T Tauri is the prototype of this particular class of variable stars and is itself totally unpredictable. In a period as short as a few weeks, it might move from magnitude 9 to 13 and other times remain constant for months on end. It is about average to our own Sun in temperature and mass – and its spectral signature is very similar to Sol’s chromosphere – but the resemblance ends there. T Tauri is a star in the initial stages of birth! So what exactly are T Tauri stars? They may be very similar in ways to our own Sun but they are far more luminous and rotate much faster. For the most part, they are located near molecular clouds and produce massive outflows of this material in accretion as evidenced by the variable nebula, NGC 1554/55. Like Sol, they produce X-ray emissions, but a thousand times more strong! We know they are young because of the spectra – high in lithium – which is not present at low core temperatures. T Tauri has not reached the point yet where proton to proton fusion is possible! Perhaps in a few million years T Tauri will ignite in nuclear fusion and the accretion disk become a solar system. And just think! We’re lucky enough to see them both…

For a large telescope challenge, let’s try NGC 1514 (RA 4 : 09.2 +30 : 47). This magnitude 10 planetary nebula is fairly small and dim… and it was discovered by William Herschel on November 13, 1790. If he could do it over 300 years ago, so can you! Chances are this particular nebula is a gaseous envelope which surrounds a tight double star, but revealing it was what startled Herschel the most. In his reports he writes: “A most singular phenomena… surrounded with a faintly luminous atmosphere… judgement I may venture to say, will be, that the nebulosity about the star is not of a starry nature”.

Planetary nebulae were first described as “planetary” by William Herschel in 1785. Before then, all were simply considered “nebulae.” It was once thought they were made of stars, but today we know planetaries are created from material given off by a single star. Many show well-defined rings of one type or another. Others – like M1 – are irregularly shaped supernova remnants. NGC 1514’s material is slowly boiled off over time, rather than caused by a violent explosion. It would be very hard to find the neutron central star in M1, but almost any scope can make out NGC 1514’s 10th magnitude fueling star as it quietly cooks away gases to feed its nebulous shroud. Because it is so bright, it can easily overwhelm the eye. This makes NGC 1514 similar to the famous “Blinking Planetary” – NGC 6826 – in Cygnus.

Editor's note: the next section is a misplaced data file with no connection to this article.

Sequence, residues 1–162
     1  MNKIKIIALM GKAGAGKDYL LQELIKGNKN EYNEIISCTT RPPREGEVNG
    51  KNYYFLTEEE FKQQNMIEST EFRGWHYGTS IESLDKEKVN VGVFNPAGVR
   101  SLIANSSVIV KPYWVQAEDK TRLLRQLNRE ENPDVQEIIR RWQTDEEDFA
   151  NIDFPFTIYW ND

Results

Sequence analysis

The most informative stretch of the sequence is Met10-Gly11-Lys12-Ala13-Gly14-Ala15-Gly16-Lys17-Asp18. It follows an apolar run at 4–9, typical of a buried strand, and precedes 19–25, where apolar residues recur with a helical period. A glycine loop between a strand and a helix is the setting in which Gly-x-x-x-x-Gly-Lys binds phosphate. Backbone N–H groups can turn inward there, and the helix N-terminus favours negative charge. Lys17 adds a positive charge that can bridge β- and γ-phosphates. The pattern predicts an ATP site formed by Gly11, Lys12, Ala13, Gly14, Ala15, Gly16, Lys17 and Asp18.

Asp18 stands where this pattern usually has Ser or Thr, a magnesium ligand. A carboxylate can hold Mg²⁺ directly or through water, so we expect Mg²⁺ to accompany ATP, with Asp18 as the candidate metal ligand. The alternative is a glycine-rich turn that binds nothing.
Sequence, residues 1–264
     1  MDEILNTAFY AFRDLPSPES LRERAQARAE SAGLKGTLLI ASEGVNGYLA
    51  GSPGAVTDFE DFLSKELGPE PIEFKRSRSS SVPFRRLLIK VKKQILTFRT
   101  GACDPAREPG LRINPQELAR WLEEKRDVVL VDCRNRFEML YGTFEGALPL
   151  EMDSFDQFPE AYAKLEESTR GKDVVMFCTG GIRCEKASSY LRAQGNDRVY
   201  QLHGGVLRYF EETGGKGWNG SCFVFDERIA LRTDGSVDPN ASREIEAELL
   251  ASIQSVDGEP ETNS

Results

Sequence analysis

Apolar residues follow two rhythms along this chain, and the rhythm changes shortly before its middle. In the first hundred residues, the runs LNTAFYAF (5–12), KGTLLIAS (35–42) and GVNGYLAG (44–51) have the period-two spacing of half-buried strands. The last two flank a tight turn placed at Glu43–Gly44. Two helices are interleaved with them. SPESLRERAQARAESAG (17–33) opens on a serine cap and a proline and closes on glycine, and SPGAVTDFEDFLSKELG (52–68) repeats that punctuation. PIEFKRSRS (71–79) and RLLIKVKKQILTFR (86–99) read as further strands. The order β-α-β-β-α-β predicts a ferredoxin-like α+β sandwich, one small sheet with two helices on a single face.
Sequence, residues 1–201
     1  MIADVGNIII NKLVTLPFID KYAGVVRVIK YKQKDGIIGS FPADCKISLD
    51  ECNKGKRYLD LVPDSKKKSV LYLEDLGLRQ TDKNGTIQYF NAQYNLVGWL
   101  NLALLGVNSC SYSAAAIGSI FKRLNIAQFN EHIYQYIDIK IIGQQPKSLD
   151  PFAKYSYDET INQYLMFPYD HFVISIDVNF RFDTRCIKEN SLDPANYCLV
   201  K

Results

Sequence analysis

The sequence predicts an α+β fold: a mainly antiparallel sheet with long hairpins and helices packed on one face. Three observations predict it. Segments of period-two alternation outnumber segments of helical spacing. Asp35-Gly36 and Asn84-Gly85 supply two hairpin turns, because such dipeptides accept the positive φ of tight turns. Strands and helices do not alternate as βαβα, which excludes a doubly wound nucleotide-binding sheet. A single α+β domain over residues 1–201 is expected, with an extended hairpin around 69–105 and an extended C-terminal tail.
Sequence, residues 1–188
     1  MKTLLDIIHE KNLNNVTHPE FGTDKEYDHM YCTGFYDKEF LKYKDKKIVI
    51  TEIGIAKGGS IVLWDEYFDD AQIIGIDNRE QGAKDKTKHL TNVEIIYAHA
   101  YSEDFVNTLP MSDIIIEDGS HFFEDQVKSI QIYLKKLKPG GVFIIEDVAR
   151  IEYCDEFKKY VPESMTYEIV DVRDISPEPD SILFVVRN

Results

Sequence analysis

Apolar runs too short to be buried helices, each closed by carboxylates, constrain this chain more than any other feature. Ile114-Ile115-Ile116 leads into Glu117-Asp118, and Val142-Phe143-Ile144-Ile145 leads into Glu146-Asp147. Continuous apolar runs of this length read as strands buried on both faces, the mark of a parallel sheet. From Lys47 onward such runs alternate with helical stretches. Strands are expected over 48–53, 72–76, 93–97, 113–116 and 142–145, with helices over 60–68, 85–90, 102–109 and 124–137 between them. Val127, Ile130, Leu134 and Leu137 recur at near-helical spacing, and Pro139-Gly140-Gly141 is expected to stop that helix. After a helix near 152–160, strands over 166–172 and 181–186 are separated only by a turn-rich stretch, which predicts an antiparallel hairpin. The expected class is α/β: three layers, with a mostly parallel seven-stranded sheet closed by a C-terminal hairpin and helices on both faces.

Are you ready for some galactic star clusters? Then let’s head for NGC 1647 (RA 4 : 46.0 Dec +19 : 04). At nearly unaided eye visibility and large enough to be easily seen in small binoculars and telescope, this widely scattered star cluster contains several dozen well resolved members and lots of double stars. The brighter stars are A or B-type main sequence stars, however there are also a few colorful orange giants to delight the eye, and the two brightest are located on the southern edge of the cluster.

Another bright, big and beautiful open star cluster for all optics is NGC 1746 (RA 5 : 03.6 Dec +23 : 49). It contains about two dozen members and although its not very compressed to the telescope, makes a very nice showing in binoculars or a rich field telescope. What’s clever about this particular cluster, is there is also two other open clusters which are superimposed on top! Look for NGC 1750 and NGC 1758 as part of this region as well. While it was debated for many years that Sir William Herschel was crazy when he designated three separate clusters for this region, later science proved him right!

How about another pair of open star clusters? Then have a look at NGC 1817 (RA 5 : 12.1 Dec +16 : 42) and NGC 1807 (RA 5 : 10.7 Dec +16 : 32). Both can be squeezed in the same field in binoculars and resolved very well to the telescope. Found a little less than a hand span northwest of Betelguese, NGC 1807 and NGC 1817 aren’t exactly twins. Both clusters are of similar magnitude and can be seen as faint patches in binoculars. Through a telescope, NGC 1817 appears far more populated with stars than its neighbor. Studies based on stellar motion reveal that NGC 1817 has far more stars than the brighter NGC 1807. Although the two are quite distant from one another in space, we get to see them both as close friends…

Sources:
Chandra Observatory
SEDS
Wikipedia
Chart Courtesy of Your Sky.